Tom Nairn goes to the G8 Summit
‘The long walk to justice doesn’t end at Gleneagles,’ Noreena Hertz warned protesters just before the recent G8 summit. ‘It only begins there.’ The official parade was in fact to end with a scamper, rather than a flourish, bearing an artfully prepared set-up into oblivion. As for the great anti-globalist parade, white-band-wearers ended up marking time more or less where they began in the Meadows, in familiar frustration. Make Poverty History half joined hands with the global establishment, and couldn’t help half sharing the latter’s fate: abrupt down-staging by the old world of bombs and counter-terror. So many forms of display were crammed into a single week that general theatre criticism is difficult. One conclusion may be that the société du spectacle itself is in serious trouble. It has become infinitely less dependable than the assorted VIP impresarios believed back in June. After six months of star preview, G8 July was launched amid horizon-beckoning packages; by the seventh day of the month, it was Baghdad-style wreckage.
Best-laid schemes went much worse than agley. But why, and why so connectedly, as if history were repeating itself as something sinisterly unlike farce? Back in the 1950s and 1960s, the Situationists dreaded a world in thrall to the new means of production. These anarchist recalcitrants observed power-barons appropriating the modern media for their own ends – in East and West alike. All-powerful projectors and strobe-lights might end up controlling the collective consciousness – even the Unconscious – and permitting only token forms of opposition. Big Brother would take over from revolutions. Capitalism and communism of course ‘competed’ in that race, but after 1968 found a stronger interest in enforcing certain common rules. Détente was about far more than restraint with weapons of mass destruction. Its larger vision was of a world in which more contented plebs would stay in line, and stop upsetting things.
In 1975 this world became that of the G7, later the G8. It was an owners’ club aiming at recomposure, at the establishment of a minimal solidarity after so many shocks and threats: the 1962 missile crisis, the Prague Spring, the Paris événements, and disrespectful rumblings among the newly educated, as well as the never-had-it-so-good proles. Stability and continuity urgently needed reinforcement, on both sides of the fence. As Eric Hobsbawm argued in Age of Extremes (1994), in two decades of peaceful development the ‘shorter 20th century’ had managed to generate a new relatively advantaged class, which aspired to something a lot better. Civil society seemed to have got way ahead of itself, for socio-economic reasons, yet lacked any correspondingly new political forms: it was rebellious yet formless. The resultant disorientation gave the old world its chance to reassert normalcy.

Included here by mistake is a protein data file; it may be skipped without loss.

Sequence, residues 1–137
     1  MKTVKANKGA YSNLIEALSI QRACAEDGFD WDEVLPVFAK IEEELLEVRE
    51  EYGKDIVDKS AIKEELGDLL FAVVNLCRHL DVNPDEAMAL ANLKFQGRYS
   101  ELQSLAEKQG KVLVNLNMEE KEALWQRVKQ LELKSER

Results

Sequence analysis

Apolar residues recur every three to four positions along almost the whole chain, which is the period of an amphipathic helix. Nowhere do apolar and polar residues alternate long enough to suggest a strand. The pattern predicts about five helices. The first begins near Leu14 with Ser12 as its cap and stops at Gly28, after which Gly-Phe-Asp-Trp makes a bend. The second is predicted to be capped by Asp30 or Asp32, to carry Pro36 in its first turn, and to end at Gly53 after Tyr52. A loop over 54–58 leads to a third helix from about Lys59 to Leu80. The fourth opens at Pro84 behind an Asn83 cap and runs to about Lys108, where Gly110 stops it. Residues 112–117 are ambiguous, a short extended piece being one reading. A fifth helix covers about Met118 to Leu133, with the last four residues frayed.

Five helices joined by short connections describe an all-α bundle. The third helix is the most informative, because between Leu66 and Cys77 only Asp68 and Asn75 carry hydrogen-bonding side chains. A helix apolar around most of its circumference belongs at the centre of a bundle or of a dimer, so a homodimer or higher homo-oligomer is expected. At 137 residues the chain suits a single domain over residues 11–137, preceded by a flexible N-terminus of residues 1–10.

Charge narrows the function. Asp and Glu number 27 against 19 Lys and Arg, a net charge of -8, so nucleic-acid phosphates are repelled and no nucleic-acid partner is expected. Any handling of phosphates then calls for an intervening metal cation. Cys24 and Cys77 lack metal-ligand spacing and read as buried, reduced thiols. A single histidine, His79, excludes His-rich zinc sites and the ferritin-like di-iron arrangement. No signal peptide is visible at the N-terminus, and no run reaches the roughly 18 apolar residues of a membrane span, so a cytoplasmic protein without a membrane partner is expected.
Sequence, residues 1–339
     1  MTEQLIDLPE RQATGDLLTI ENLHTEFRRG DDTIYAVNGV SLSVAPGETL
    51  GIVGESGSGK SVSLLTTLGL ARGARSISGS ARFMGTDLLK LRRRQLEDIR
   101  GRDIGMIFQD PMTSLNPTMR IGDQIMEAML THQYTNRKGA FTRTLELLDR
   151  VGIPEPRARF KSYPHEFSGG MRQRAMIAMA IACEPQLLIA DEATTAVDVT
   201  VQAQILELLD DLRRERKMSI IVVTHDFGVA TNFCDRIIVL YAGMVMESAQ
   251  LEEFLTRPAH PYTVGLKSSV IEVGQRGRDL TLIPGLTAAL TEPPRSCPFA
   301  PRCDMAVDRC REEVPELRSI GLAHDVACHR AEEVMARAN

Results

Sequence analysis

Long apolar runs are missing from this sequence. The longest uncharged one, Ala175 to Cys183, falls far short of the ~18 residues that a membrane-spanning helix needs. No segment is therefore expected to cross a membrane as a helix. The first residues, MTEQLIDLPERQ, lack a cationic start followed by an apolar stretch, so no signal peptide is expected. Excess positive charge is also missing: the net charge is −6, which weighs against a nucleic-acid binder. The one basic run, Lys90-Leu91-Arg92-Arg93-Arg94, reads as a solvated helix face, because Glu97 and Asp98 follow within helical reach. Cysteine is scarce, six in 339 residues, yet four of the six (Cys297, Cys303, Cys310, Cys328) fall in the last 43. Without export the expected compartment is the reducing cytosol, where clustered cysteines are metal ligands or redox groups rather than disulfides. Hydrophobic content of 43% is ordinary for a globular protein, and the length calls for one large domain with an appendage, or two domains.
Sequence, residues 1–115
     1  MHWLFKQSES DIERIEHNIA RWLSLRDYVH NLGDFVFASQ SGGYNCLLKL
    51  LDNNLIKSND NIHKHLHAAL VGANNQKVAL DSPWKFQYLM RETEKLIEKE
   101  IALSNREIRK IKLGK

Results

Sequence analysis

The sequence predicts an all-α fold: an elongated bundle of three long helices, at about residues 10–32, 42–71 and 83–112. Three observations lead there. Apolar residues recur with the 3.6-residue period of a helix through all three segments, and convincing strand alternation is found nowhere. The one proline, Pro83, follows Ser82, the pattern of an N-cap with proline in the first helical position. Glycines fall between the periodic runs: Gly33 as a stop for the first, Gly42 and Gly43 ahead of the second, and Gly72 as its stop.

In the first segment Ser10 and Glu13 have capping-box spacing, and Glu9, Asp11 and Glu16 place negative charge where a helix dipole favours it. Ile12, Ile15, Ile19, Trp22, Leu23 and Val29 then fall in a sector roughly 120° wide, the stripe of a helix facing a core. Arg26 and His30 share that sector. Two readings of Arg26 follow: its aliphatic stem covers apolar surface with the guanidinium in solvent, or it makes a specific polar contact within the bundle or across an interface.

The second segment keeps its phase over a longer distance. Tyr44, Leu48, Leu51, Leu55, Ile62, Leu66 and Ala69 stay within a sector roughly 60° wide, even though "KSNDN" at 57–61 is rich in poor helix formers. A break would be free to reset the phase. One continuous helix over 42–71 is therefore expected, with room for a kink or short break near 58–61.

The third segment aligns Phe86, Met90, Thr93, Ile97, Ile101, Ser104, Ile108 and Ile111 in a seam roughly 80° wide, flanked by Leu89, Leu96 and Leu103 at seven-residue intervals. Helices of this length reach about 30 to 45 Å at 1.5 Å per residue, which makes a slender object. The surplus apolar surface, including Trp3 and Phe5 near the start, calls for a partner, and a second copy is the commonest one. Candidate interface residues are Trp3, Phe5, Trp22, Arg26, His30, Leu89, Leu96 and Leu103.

The oil crisis of 1973-75 was the immediate pretext for the foundation of the club, and similar factors have remained central to G8 ideology. But these were only part of a much bigger shift – that is, the elevation of economics into a new popular faith. It passed from being the necessary condition of socio-cultural development into something approaching the sufficient condition of all human welfare and hope. As philosophy, the old left-wing formula of ‘historical materialism’ may have been better known. But the right now took this over, to outdo it with the vengeance of the formerly repressed. A counter-radicalism of marketolatry soon relegated the older versions to museums or sects. As Andrew Bacevich points out in The New American Militarism, ‘radical’ came to mean Trotskyite mince reprocessed into neo-conservative sausages.
Situationist-style disreputables refused old and new rules alike, naturally; but such dissent served mainly to fortify the ‘realism’ of the mounting counter-revolution. Before long, ‘no alternative’ would be allowed to the latter’s common sense, which froze up political initiative (and hence democracy) in East and West alike. Thus the salience of economics was guaranteed – leading to 1989’s relatively quiet consecration of the Western gospel over its old competitors. The Internationale of market forces won out, bearing with it an ideology of ‘globalisation’, meaning not just one world, but the ball in the inevitable (and hence correct) hands. No other-worldly religion had ever enjoyed such fortune. So bourgeois historical materialism did more than buy out the Marxist competition. It underwent an apotheosis: the socio-economic ‘basis’ or structure became itself a commanding superstructure of ready-made ‘ideas’, far more intimidating than anything known in 1968 (let alone 1917, or in Mao Zedong’s takeover of 1949).
Situationists were right to fear that new technology played its part in this ascent. The powers of ‘mental production’ now extended the collective nervous system far beyond television, via the home computer and the internet, and an inescapable climate of advertising. Free-choice marketism prevailed; but so did new ways of forming and influencing choices, among candidates and policies as well as cornflakes. It became less inconceivable that imposed or infiltrated ‘spectacles’ could themselves create integral reality without propaganda, sermons or precepts from on high.
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 Canongate, 192 pp., £7.99, June, 1 84195 660 6.
 Pluto, 264 pp., £35 and £11.99, April, 0 7453 2420 7.